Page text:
Growing Up In
By Marien Helz
I always thought
of Santa Claus as a cultural figure rather than a religious one.
He's associated with fun and joy and, of course, getting
presents. Believing that someone could come down a chimney just
to give you something, and want to give you something just
because you exist, was a source of wonder.
My father always
said that he had never wanted to lie to us, so he didn’t want to
lie and tell us that there was a Santa Claus. He was clearly
ambivalent about it, however, because he never made any effort
to ensure that no one else told us the Santa stories. Naturally,
we always got some presents that my mother signed as being from
Santa Claus. In addition, on one Christmas he challenged us to
try to prove that Santa Clause was real. He had us put a bench
by the chimney with a towel and water as well as cookies and
milk on it. In the morning, the food was gone, and the towel was
black—he had rubbed the towel along the pipes in the basement to
make it look really black as though from the chimney.
When we were
adults, my sister, who became a psychiatrist, talked about her
colleagues speculating that not letting children believe in
Santa Claus was depriving them of having a fantasy life. She and
I both felt, however, that Santa Claus was not the children’s
fantasy—it was a myth told to them as though it were real. With
my own children, I didn't want to tell them all about something
that I would have to later tell them didn’t exist. I decided to
get around that by saying to my daughter at her first cognizant
Christmas when she was twenty-two months old that we like to
pretend that Santa Claus comes down the chimney and brings
presents and rides through the sky with eight reindeer. Even
though she wouldn’t know what pretend meant, I felt that
I could let Mr. Rogers and Mr. Rogers’ Neighborhood take
care of that.
A year or so
later, she mentioned Santa Claus, and I asked her how Santa
Claus got into the house—down the chimney? I queried. Through
the door, she informed me. I advised her that the door was
always locked at night, so that might be difficult. She didn’t
want to talk about it.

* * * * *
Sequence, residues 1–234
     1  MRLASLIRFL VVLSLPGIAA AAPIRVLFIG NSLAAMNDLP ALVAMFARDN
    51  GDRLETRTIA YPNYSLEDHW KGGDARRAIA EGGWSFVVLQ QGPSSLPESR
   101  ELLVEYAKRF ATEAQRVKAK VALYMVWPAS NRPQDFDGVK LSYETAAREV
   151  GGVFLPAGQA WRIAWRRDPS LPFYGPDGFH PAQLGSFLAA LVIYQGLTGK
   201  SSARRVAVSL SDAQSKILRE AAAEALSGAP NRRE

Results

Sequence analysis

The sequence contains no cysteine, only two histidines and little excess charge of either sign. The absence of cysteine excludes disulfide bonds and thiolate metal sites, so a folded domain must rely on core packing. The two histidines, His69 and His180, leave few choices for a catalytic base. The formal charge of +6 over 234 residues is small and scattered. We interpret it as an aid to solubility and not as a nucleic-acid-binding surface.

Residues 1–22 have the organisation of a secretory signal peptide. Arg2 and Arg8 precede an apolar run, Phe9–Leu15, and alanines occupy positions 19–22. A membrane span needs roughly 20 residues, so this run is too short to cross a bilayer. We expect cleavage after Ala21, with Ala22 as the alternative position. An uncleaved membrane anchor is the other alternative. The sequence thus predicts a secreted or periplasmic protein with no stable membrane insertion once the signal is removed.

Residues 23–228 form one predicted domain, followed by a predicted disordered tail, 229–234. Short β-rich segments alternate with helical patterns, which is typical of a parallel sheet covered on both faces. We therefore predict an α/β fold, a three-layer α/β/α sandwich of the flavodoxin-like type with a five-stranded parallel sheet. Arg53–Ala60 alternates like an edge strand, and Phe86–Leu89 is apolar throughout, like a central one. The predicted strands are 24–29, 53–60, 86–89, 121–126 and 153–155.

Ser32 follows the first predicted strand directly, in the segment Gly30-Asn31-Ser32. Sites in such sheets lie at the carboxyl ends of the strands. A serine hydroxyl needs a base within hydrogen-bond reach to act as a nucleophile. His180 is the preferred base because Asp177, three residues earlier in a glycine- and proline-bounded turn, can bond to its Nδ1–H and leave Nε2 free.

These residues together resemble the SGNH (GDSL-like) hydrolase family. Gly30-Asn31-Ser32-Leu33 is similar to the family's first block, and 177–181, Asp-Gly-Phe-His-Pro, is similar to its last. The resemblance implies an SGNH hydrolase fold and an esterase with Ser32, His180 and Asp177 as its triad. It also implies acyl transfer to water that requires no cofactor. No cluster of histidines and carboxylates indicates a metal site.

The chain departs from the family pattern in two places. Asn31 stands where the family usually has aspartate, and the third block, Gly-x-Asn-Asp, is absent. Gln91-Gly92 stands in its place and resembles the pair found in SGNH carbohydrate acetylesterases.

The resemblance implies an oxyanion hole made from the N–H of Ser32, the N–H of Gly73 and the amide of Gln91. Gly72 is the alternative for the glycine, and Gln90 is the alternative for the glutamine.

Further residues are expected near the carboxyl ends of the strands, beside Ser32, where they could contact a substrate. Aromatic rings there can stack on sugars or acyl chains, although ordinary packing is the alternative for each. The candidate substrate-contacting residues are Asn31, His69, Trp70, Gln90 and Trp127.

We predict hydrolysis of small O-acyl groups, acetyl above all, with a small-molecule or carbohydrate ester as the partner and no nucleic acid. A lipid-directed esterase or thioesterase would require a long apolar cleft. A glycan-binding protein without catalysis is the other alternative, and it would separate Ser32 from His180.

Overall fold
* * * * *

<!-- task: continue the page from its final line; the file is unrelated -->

I forgot to be as
careful about the Tooth Fairy as I had about Santa, though. A
friend of hers had gotten a note written by the Tooth Fairy as
well as a few coins when she lost her first tooth, and, charmed
by the idea, I put notes from the Tooth Fairy under my
daughter’s pillow with coins as she lost her teeth. She was
talking about the Tooth Fairy one day, and I got a little
concerned. I asked her if the Tooth Fairy were real or if she
were like Santa Claus—someone we like to make believe exists.
She didn’t want to talk about it.
When I was growing
up in Gaithersburg, Santa Claus appeared one night every year at
our church and gave each child a box of hard candy and an
orange. I remember the exact moment and the exact place when I
found out that he wasn’t real. I was in the first or second
grade when my mother and several other women from the church
were in our dining room cutting out fabric and sewing it. My
brother asked her what they were doing. When she told us that
they were making a suit for Santa Claus, my brother asked why
his wife couldn’t make it for him. Then she told us.
Rather than being
a let-down at that moment, it was intriguing and neat—we had
been let in on an adult secret. It was a discovery.
From that time on,
none-the-less, some of the magic was lost from Christmas. It was
never the same after Santa Claus left the land.
There were still
the colored lights swaying back and forth in the wind on
Frederick Avenue at the end of our street. There were the dark
days with violet light and snow flakes occasionally sifting
though green boughs, and all that gave a hint of the mysteries
in the universe. The loss of the idea of Santa Claus, however,
took away some of the glory. Teaching children about Santa can
seem to concentrate too much on their receiving gifts and less
on charity—yet that isn’t what tends to happen. The myth of
Santa Claus is about someone who gives to children just for the
delight of giving all children presents. It’s about the spirit
of joy and acceptance, and about a night when every child is
special, and there is some magic person who wants every child in
the world to have presents just because every child is the child
who is most precious. That aspect of the symbol of Santa Claus
is what must be kept real forever.
Monthly December © 2006
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